Head injuries are caused due to trauma and can be fatal. One should never neglect a head injury. Even if there are no external signs of damage there could be a severe internal injury which might take longer to show symptoms. Thus any head injury requires urgent medical attention to rule out serious injury. Common causes of spinal cord injury are vehicular accidents, falls, and accidents associated with contact sports. Severe injuries to the spinal cord occur whenever there are vertebral fractures and dislocations.  The function of the spinal cord lower than the level of the injury is thus impaired, giving rise to varying degrees of paraplegia and quadriplegia. Adolescent males are most commonly affected.

Degenerative disorders:

a) Dementia – In this degenerative disorder, there is an eventual loss of memory as the person ages.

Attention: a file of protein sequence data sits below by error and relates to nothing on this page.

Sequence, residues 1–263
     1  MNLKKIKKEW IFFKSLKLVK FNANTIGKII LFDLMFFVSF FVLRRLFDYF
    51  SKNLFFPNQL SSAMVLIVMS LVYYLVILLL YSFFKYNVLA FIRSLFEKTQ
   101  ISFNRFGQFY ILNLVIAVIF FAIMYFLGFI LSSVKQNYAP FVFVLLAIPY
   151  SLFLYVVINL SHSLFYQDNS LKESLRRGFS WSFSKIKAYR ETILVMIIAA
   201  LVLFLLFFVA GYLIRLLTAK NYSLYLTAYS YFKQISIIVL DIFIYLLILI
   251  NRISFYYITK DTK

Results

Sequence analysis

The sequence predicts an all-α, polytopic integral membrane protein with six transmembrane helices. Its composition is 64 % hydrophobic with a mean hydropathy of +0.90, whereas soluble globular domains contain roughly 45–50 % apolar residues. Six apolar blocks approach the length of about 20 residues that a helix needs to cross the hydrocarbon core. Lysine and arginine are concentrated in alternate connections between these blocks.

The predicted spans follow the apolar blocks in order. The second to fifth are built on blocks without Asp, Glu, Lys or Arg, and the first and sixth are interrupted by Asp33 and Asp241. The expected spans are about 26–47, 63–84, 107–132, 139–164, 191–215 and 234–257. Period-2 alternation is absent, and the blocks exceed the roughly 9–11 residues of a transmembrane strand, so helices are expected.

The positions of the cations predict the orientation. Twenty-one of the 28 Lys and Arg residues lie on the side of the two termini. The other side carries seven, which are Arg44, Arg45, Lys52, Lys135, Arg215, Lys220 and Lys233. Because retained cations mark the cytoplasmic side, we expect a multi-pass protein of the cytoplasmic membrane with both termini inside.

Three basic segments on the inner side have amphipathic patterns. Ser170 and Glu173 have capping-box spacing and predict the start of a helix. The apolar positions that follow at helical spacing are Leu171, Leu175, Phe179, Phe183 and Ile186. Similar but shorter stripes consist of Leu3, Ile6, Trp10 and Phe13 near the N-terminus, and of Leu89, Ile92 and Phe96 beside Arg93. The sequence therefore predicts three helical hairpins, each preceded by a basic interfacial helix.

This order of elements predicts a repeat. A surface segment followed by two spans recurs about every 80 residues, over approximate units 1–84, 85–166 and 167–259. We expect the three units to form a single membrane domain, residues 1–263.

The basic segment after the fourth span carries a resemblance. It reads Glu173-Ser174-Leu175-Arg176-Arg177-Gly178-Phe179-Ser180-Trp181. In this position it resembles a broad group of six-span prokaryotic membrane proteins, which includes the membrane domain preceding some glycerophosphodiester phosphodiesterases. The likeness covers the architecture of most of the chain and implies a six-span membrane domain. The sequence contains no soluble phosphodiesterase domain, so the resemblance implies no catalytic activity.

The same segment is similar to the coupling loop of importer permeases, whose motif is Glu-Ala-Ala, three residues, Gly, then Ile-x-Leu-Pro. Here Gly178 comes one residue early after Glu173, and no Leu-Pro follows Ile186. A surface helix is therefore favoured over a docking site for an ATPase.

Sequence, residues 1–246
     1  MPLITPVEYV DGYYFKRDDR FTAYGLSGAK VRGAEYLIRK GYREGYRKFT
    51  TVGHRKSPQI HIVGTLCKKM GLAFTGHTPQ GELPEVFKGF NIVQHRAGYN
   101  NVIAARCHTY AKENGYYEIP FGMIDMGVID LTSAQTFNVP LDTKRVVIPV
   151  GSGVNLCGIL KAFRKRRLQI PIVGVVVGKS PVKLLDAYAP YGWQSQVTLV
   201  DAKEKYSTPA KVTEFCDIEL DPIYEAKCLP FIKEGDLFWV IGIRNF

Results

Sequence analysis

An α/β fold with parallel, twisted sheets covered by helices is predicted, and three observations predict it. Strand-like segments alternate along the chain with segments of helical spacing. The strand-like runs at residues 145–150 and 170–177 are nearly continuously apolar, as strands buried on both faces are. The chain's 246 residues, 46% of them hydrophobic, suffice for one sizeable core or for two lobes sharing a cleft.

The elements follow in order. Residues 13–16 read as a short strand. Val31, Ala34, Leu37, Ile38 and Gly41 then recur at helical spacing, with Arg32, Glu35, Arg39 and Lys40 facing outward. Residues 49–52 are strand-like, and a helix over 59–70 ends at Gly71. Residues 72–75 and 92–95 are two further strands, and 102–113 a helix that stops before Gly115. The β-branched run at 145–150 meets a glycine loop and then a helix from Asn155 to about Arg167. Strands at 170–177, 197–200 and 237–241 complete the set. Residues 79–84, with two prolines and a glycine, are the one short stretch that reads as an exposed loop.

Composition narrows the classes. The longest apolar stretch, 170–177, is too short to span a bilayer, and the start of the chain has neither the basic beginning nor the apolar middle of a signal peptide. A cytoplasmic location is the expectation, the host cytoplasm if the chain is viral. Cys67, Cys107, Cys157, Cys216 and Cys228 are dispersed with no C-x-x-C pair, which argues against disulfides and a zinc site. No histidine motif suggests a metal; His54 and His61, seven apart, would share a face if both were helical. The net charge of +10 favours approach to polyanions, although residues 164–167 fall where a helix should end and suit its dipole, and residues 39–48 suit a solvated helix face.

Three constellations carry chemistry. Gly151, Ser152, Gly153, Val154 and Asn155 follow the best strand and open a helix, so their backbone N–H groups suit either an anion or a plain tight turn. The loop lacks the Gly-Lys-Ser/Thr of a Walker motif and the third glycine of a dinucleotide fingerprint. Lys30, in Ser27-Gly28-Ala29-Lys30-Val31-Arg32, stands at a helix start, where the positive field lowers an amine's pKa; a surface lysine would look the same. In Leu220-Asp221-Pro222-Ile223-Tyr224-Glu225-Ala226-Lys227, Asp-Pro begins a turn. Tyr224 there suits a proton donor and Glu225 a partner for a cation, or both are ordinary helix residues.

b) Alzheimer disease – Herein the frontal-occipital lobes of brain atrophies leading to pre-senile dementia which is characterized by an advanced loss of memory. Usually, it starts between 40 and 60 yrs of age and may take months to years for complete development. 5 to 10% people over 65 years of age are affected. It is marked by progressive permanent memory loss, intellectual functions deterioration, laziness, disorientation, and speech and gait disturbances.

c) Parkinson’s disease – Herein that part of the brain is affected which is responsible for controlling movements due to lack of dopamine. This leads to tremors of the limbs or unnecessary muscle movements due to interference in voluntary movements. This is the most common symptom. Because of symptoms, maintenance of balance becomes difficult. There is also accompanying muscle rigidity.

d) Huntington’s chorea – This is a hereditary nervous disorder. There is a progressive loss of the brain cells leading to deterioration of the nervous system. Symptoms seen are weird, uncontrolled, dancelike movements. It ultimately leads to insanity and death.

e) Multiple Sclerosis: It is a chronic, degenerative disease wherein the myelin sheath over the nerves in the brain and spinal cord is lost. This gives rise to muscle weakness and other symptoms.